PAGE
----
I have a deck/porch that's been added to an existing manufactured home and was told I need to get an AC letter. How do I get one?

The purpose of an Alternate Construction (AC) letter is to permit manufacturers to build innovative manufactured (mobile) homes with the new technology. Homes built under the AC program do not conform to the requirements of the Manufactured Home Construction and Safety Standards, 24 CFR Part 3280 (the Standards). Manufacturers must obtain permission from the Department prior to construction and shipment of homes built under the AC program.


Patios and decks are regulated by the construction codes for each state and/or local housing authority. If the property has an addition attached after the home was sited, the attachment is not regulated by HUD Standards or Regulations; therefore the property does not need an AC letter. If an addition has been added to a manufactured home, it may take the home out of conformance with the Standards.


What is the difference between manufactured and modular homes?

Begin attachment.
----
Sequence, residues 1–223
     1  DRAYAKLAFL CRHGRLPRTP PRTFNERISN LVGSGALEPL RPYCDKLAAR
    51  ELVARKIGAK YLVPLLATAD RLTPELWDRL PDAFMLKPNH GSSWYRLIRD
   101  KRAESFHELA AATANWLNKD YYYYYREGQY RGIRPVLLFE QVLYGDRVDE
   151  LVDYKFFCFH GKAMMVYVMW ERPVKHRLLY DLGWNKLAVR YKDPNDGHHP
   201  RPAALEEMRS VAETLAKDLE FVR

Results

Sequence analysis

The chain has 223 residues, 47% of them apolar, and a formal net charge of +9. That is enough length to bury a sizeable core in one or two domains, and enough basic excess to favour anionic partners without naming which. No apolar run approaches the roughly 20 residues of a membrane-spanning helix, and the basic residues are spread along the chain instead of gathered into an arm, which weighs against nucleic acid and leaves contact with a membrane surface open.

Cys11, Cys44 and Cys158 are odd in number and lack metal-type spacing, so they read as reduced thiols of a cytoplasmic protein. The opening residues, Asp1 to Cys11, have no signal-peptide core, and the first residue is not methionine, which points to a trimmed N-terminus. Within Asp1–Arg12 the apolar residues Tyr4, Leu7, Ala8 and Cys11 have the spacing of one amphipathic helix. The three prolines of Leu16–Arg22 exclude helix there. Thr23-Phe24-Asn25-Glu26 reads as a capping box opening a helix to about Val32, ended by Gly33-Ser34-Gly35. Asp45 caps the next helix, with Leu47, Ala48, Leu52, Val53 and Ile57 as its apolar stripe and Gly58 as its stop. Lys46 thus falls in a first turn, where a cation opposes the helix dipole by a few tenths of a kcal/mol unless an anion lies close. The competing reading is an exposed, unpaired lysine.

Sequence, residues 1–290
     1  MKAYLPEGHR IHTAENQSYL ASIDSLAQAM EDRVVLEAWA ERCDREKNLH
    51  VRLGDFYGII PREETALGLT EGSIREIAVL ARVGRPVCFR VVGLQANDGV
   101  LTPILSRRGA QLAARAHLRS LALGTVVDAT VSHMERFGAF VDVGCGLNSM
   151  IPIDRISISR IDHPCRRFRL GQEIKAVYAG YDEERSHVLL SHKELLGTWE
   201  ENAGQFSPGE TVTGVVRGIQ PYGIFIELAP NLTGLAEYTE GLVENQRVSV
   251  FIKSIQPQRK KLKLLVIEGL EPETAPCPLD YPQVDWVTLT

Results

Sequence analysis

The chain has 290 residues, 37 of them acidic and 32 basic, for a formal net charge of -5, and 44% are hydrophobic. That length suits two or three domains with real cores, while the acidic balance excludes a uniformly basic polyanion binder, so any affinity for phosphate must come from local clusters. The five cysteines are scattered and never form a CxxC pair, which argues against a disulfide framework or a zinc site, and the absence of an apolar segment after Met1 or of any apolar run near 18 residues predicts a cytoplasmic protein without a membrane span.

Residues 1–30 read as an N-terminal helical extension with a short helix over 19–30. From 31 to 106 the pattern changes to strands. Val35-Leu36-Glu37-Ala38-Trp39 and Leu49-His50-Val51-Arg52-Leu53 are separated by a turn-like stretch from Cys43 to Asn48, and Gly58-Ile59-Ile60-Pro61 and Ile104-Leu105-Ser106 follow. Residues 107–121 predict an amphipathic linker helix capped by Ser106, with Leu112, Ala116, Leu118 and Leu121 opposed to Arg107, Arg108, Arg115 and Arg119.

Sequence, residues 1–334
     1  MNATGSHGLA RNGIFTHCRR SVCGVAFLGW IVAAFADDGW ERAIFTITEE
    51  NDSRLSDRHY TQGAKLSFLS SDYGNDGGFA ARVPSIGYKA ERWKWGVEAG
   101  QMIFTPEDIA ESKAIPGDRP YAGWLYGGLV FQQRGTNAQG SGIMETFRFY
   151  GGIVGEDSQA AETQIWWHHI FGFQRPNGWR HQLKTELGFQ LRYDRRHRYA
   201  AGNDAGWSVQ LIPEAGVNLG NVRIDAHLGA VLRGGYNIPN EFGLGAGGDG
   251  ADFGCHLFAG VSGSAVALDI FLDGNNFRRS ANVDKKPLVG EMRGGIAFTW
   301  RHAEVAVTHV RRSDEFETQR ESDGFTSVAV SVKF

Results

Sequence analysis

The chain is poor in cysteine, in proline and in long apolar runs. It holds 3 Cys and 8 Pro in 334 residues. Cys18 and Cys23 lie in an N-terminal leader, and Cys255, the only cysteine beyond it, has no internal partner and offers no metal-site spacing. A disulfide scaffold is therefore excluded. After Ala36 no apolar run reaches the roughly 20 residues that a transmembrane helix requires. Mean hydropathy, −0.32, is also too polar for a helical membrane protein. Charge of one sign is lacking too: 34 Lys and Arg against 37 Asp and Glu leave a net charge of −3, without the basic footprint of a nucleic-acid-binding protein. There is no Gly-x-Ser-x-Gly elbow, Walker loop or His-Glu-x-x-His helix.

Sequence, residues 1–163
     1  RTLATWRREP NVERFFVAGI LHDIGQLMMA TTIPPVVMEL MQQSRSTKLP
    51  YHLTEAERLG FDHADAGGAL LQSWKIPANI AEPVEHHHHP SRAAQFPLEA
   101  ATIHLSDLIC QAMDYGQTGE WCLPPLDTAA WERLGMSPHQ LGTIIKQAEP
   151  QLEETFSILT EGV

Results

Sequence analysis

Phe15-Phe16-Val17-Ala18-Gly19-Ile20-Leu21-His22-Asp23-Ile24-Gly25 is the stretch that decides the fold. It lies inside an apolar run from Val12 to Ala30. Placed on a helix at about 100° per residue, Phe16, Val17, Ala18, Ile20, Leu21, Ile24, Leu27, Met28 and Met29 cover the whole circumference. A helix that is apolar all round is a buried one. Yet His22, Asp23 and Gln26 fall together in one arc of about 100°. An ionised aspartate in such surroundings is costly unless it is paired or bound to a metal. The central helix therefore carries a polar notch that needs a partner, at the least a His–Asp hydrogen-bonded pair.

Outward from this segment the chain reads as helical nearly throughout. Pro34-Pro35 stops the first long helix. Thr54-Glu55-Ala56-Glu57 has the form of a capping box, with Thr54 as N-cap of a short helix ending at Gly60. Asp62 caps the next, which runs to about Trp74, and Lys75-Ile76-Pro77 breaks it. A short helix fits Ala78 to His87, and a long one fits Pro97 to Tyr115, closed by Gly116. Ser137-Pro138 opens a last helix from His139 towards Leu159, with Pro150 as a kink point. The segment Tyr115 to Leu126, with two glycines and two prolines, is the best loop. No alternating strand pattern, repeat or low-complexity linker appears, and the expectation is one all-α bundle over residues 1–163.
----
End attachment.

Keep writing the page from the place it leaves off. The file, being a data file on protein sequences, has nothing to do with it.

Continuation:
Manufactured homes are constructed according to a code administered by the U.S. Department of Housing and Urban Development (HUD Code). 


The HUD Code, unlike conventional building codes, requires manufactured homes to be constructed on a permanent chassis. Modular homes are constructed to the same state, local or regional building codes as site-built homes. Other types of systems-built homes include panelized wall systems, log homes, structural insulated panels, and insulating concrete forms.


What if the home does not have tie downs and HUD requires them for safety?

A manufactured home inspection will determine if your home is safe for all occupants should there be strong winds or storms in your area. If the inspector determines your home needs tie downs, you will be required to do the repairs prior to closing.  Typically, inspectors have contractors they recommend who can complete the work. The contractor's fee can be paid on the HUD-1 settlement statement so it does not have to be out of pocket.  It takes approximately 1-3 hours to do tie downs on a manufactured home barring any difficulties with same. (See Nachi article;  https://www.nachi.org/manufactured-home-tie-downs.htm